Despite improvements in survival for people with cystic fibrosis over the last 50 years, females and individuals from socioeconomically disadvantaged backgrounds continue to die younger than males and the more privileged in society, finds a study published in the British Medical Journal today.
The findings suggest that the socioeconomic and sex differences in age at death from cystic fibrosis first reported in 1989 persist to the present day.
Over the last 50 years, survival in individuals with cystic fibrosis has improved dramatically with the average age of death rising from six months in 1959 to 27 years in 2008, largely due to better health care provision. Around 20 years ago, it was shown that age at death was higher among men and those from socioeconomically advantaged backgrounds.
But is this still the case?
A team of researchers based at the University of Nottingham decided to test the theory that improved healthcare provision has led to a decline in these socioeconomic and sex differences. They analysed all registered deaths from cystic fibrosis in England and Wales from 1959 to 2008.
Between 1959 and 2008, the median age at death increased from age band 0-4 years to age band 25-29 years, and from the mid 1970s onwards tended to be higher in males than females.
After adjusting for socioeconomic status, males were more likely to die above the median age than females in the 1970s and 1980s. Median age at death was also significantly higher in males compared with females between 2000 and 2008.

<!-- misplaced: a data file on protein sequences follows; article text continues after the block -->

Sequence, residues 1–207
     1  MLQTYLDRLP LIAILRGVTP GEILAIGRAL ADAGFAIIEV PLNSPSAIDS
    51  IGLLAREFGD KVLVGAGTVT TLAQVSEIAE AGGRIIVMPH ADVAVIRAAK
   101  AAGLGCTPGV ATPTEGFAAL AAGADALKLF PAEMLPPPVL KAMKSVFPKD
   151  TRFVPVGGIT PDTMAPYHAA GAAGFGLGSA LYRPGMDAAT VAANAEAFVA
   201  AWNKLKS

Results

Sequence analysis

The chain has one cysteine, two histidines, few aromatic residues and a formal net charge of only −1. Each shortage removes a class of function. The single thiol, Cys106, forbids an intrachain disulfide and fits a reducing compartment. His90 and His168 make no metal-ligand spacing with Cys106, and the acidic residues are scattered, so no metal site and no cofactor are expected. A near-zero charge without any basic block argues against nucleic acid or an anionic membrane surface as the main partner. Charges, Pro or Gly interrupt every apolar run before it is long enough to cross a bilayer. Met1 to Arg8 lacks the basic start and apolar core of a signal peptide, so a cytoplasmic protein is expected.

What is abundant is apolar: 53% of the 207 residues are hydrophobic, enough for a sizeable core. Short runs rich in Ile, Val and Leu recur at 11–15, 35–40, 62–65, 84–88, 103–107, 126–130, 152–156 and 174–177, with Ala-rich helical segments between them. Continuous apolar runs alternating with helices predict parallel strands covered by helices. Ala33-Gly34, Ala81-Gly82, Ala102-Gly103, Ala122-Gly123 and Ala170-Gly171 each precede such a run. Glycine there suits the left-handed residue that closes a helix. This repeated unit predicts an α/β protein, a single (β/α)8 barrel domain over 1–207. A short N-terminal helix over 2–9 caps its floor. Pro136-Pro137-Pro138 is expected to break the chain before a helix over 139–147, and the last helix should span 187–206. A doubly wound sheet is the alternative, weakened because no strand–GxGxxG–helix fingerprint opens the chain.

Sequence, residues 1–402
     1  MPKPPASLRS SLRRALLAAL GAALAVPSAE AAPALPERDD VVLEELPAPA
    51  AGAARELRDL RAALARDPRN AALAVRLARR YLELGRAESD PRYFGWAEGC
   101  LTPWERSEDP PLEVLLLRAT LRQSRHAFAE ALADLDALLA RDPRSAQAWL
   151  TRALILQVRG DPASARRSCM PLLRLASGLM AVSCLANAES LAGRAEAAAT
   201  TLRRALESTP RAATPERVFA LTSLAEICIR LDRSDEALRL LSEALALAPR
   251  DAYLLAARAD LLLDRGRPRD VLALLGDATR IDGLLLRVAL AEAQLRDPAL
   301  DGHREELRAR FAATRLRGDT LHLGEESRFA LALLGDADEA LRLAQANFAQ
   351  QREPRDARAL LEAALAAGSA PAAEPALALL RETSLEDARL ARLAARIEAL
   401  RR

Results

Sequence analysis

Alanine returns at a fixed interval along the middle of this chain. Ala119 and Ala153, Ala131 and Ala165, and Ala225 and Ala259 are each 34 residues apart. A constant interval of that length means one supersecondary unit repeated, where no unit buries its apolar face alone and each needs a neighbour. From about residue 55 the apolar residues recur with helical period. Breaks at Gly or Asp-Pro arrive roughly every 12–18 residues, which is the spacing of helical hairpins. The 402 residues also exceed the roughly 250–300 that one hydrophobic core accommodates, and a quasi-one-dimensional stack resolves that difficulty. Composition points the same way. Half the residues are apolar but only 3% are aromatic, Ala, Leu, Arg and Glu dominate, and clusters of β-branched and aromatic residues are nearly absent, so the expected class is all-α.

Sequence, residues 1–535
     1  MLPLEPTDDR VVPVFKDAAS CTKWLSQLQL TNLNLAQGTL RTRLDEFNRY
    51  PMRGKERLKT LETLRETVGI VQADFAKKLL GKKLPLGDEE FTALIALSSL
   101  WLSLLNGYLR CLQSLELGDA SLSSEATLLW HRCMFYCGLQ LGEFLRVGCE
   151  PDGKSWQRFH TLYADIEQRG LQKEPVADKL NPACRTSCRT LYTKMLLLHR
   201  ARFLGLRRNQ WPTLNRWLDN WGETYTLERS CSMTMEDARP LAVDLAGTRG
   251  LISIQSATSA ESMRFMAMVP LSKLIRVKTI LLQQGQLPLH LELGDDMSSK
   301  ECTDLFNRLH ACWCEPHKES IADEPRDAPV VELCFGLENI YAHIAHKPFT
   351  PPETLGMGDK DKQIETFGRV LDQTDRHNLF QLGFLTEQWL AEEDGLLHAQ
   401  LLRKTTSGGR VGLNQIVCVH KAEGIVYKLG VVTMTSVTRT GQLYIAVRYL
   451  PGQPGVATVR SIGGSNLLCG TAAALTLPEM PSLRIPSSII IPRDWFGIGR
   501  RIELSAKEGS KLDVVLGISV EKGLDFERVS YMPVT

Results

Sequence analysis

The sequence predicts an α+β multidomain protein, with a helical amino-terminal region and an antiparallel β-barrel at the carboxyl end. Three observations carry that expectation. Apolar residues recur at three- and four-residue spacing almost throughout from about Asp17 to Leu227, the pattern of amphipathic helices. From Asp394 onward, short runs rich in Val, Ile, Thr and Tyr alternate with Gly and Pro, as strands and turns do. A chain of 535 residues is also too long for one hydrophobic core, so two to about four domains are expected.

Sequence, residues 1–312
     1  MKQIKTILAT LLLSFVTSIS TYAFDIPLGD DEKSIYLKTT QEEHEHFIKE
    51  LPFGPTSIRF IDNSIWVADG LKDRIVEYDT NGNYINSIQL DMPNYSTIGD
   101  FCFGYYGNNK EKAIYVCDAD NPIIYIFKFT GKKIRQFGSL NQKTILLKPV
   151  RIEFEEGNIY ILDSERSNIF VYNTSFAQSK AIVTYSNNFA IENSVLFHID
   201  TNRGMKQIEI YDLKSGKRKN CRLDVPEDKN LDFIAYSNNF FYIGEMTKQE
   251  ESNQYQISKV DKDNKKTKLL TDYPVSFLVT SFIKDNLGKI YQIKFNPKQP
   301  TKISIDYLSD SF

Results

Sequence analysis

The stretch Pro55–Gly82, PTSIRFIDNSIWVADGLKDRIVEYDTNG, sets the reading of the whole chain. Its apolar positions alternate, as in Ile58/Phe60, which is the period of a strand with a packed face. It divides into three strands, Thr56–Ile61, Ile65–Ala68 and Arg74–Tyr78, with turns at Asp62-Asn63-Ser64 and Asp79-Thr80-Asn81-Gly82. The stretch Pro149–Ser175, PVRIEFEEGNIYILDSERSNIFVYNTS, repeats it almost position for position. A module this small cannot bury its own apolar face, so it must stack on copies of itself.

Between 1959 and 2000, median age at death was higher in the 'non manual' occupation group compared with the 'manual' group. Between 2001 and 2008, median age at death also tended to be higher in the 'professional and managerial' group compared with the 'routine and manual' group.
"Healthcare workers should be aware that females and low socioeconomic status are associated with poorer outcomes than males and high socioeconomic status," conclude the authors. They suggest that environmental factors or varying access to healthcare might account for some of these differences.
In an accompanying editorial, experts say that the early appearance and persistence of inequalities support the need for early interventions and reinforce the importance of screening for cystic fibrosis in newborns.
One obvious target for action, they say, is to protect newly diagnosed children from environmental tobacco smoke, while future research should investigate and put into practice the most effective ways to reduce the socioeconomic gradient in health.
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